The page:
Wheels in Motion
It only took one day for Bradley “Buzz” Calkins to realize he wanted a career in auto racing.
It was May 24, 1987, when Calkins, then 16, attended his first Indianapolis 500. It was his initial exposure to the glamour of auto racing, and the Colorado go-kart champion was hooked. He vowed that the next time he returned to the Indy 500, it would be as a driver.
After graduating from the University of Colorado in 1993, Calkins began racing in the Indy Lights Circuit, the minor leagues of racing. In 1996 Calkins showed up at the inaugural Indy Racing League event as a virtual unknown, said Mike King, anchor and chief announcer for the Indianapolis Motor Speedway Radio Network.
He went on to win that race, the Indy 200 at Walt Disney World, and a few months later he returned to the Indianapolis Motor Speedway to make good on his promise, racing in the first of six Indy 500s (1996–2001).
His best year, 1996, netted him a share of the Indy Racing League championship, with co-champion Scott Sharp, as well as $345,000 in prize money. It also sparked dreams of a rewarding career in racing.
“In the five races run in 1996, Buzz proved to everyone that he was a legitimate threat every time out, earning four top-six finishes,” King says. “Buzz and Bradley Motorsports captured lightning in a bottle in their first attempt at big-time racing. That’s a hard act to follow.”
But things changed for Calkins one August day in 1997 when, while testing new tires, he crashed into the wall, sending him to the hospital with a broken ankle, ruptured eardrum and fractured skull. Lying in the hospital bed, Calkins considered his future.
“I never wanted to get in the situation that happens often to people in pro sports where you don’t think about [your future] and then you’re out in the cold,” he says. “But that’s when it hit me: ‘Whoa, this could all end tomorrow. I better make plans for the future.’”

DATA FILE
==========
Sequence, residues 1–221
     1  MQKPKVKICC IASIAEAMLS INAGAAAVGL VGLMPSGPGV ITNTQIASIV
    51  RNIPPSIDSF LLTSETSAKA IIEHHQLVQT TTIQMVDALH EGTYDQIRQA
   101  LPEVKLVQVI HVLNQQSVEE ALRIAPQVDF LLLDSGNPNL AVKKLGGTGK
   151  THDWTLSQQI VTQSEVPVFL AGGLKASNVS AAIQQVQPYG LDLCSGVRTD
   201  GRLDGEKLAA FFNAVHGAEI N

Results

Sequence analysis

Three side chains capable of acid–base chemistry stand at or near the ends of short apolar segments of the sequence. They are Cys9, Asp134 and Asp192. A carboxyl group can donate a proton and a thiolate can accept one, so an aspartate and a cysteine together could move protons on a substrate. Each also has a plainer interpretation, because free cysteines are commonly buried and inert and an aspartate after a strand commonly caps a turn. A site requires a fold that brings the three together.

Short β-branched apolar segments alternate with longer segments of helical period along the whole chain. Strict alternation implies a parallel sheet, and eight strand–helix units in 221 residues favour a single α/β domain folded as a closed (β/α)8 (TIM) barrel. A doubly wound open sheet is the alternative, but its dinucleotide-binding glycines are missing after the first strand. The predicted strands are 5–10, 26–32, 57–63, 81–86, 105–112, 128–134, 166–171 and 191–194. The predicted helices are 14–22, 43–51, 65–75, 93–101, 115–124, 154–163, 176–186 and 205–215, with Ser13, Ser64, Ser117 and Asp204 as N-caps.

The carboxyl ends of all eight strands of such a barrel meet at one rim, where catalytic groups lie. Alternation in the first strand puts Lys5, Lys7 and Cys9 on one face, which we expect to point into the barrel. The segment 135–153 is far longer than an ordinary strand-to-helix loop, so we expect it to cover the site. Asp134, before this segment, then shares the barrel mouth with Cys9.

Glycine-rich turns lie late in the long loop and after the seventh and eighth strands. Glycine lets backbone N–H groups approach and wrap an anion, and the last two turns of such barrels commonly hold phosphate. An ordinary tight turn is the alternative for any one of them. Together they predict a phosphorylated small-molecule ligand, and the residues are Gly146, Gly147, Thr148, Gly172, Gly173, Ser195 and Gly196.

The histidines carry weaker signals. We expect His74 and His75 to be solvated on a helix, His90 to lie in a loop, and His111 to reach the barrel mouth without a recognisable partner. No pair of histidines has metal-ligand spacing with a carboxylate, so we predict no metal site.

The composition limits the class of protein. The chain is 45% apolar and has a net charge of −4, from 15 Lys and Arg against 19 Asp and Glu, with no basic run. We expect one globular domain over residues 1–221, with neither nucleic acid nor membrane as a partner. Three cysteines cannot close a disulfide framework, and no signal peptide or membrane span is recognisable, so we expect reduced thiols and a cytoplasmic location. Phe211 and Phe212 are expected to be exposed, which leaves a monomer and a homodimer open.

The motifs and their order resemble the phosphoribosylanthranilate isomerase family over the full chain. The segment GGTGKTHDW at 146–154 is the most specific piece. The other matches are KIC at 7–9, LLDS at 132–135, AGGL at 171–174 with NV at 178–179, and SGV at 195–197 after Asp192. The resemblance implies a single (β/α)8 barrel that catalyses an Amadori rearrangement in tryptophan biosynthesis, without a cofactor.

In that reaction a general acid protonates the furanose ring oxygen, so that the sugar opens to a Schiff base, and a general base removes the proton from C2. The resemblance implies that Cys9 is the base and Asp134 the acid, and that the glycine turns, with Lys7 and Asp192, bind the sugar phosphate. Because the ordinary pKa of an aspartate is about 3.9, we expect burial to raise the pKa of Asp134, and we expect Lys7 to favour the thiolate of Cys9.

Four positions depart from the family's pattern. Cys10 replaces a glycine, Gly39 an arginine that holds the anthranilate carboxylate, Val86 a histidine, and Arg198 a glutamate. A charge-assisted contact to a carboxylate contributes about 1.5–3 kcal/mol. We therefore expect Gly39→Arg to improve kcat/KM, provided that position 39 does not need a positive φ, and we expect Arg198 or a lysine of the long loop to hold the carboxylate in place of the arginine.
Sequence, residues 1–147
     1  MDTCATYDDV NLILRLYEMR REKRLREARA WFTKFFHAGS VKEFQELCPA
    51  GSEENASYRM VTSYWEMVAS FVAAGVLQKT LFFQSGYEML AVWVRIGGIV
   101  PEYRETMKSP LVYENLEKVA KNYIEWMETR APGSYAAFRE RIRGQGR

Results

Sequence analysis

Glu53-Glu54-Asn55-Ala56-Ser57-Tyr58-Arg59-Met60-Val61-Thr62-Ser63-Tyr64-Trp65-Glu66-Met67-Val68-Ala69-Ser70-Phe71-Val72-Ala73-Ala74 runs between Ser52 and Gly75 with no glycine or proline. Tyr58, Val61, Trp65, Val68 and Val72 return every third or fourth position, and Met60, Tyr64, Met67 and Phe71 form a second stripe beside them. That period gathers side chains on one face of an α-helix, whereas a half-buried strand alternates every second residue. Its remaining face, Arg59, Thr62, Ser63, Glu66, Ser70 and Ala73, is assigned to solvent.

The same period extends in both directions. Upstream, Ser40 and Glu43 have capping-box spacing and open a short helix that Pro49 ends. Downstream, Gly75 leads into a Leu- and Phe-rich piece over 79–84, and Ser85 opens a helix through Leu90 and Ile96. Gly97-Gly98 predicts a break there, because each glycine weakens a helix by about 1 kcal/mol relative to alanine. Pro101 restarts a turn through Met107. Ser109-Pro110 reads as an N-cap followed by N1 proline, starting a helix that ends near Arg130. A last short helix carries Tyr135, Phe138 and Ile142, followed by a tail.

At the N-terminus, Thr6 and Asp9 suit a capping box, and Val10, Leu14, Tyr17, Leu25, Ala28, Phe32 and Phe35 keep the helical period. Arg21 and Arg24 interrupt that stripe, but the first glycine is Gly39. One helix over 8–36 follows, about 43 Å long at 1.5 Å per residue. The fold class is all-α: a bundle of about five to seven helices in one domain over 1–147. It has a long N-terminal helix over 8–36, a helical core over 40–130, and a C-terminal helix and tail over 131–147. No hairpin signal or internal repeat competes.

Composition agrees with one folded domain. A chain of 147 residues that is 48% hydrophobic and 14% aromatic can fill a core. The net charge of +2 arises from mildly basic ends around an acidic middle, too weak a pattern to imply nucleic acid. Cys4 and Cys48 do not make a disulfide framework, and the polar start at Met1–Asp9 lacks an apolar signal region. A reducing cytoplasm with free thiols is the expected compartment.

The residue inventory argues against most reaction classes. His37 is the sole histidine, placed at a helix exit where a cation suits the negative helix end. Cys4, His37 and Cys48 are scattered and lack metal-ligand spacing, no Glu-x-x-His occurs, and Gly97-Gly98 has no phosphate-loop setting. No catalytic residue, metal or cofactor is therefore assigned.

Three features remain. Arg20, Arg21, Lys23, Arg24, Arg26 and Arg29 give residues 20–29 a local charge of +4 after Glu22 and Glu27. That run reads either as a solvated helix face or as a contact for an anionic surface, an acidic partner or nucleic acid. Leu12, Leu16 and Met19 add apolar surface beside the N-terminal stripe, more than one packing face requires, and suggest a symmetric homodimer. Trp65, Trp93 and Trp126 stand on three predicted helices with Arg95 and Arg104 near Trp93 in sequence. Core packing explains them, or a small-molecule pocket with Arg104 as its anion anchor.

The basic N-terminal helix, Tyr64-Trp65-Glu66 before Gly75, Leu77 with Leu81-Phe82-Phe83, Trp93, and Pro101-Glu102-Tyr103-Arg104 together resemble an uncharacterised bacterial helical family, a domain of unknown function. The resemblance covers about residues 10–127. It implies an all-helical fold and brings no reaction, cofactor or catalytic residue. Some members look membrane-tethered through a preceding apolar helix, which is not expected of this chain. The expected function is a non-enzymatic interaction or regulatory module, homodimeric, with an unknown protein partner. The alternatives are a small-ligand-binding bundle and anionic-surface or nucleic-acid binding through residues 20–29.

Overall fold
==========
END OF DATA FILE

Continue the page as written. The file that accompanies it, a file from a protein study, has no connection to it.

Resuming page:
Those concerns led Calkins to enroll in the Kellogg School of Management in 1998, where he studied management strategy and finance while still maintaining his racing schedule.
After graduation from Kellogg Calkins returned to the racetrack full time but soon found his passion for driving waning. So in 2002 he switched gears and took over as co-owner of Indianapolis-based Bradley Motorsports, a racing team his father and now fellow co-owner founded in 1987. “That role fits him to a T,” King says.
Calkins oversees the budget and works to bring in sponsorship revenue to recruit drivers, maintain cars and enter races. Also, as a rare owner with racing experience, he is in the unique position to coach and mentor his team’s drivers.
“It was a way I could still stay involved and have an active interest in racing,” he says. “It was the next step.”
Currently, Calkins is analyzing sponsorship packages and driver combinations that Bradley Motorsports may feature this season.
Calkins is also working on a deal in conjunction with the racing sector. Though details are being finalized, he is set to take over as a partner of a three-franchise car dealership in California, an opportunity “too good to pass up.”
Although his new endeavor has taken “95 percent of his focus,” Calkins still tries to make time for his hobbies without wheels: mountain climbing and running. He and his wife, Meredith, married last November.
Though his ambitions in life are taking him away from the track, Calkins says he still races once in a while for fun, in amateur and charity events.
— Michael DePilla (J04)